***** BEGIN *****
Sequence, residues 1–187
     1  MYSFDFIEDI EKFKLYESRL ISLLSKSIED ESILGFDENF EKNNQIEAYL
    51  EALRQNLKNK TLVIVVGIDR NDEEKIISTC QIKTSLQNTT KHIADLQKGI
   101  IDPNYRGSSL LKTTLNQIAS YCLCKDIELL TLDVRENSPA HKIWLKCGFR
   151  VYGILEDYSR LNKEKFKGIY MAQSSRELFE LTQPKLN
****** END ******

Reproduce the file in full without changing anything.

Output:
Sequence, residues 1–187
     1  MYSFDFIEDI EKFKLYESRL ISLLSKSIED ESILGFDENF EKNNQIEAYL
    51  EALRQNLKNK TLVIVVGIDR NDEEKIISTC QIKTSLQNTT KHIADLQKGI
   101  IDPNYRGSSL LKTTLNQIAS YCLCKDIELL TLDVRENSPA HKIWLKCGFR
   151  VYGILEDYSR LNKEKFKGIY MAQSSRELFE LTQPKLN